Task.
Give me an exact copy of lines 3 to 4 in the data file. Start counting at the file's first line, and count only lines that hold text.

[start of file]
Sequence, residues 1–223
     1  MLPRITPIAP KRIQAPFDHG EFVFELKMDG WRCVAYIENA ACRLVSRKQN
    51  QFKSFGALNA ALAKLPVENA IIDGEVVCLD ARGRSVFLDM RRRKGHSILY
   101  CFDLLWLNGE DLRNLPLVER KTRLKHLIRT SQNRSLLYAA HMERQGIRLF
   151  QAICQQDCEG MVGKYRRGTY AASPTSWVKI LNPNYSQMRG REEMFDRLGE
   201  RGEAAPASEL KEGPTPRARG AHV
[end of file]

    51  QFKSFGALNA ALAKLPVENA IIDGEVVCLD ARGRSVFLDM RRRKGHSILY
   101  CFDLLWLNGE DLRNLPLVER KTRLKHLIRT SQNRSLLYAA HMERQGIRLF